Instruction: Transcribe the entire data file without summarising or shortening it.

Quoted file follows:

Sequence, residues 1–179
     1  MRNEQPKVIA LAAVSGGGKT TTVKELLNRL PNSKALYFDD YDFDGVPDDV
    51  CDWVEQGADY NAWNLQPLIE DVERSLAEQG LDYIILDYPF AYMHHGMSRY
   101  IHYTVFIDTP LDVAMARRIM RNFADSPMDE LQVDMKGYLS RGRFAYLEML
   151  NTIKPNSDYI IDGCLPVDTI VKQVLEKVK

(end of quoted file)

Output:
Sequence, residues 1–179
     1  MRNEQPKVIA LAAVSGGGKT TTVKELLNRL PNSKALYFDD YDFDGVPDDV
    51  CDWVEQGADY NAWNLQPLIE DVERSLAEQG LDYIILDYPF AYMHHGMSRY
   101  IHYTVFIDTP LDVAMARRIM RNFADSPMDE LQVDMKGYLS RGRFAYLEML
   151  NTIKPNSDYI IDGCLPVDTI VKQVLEKVK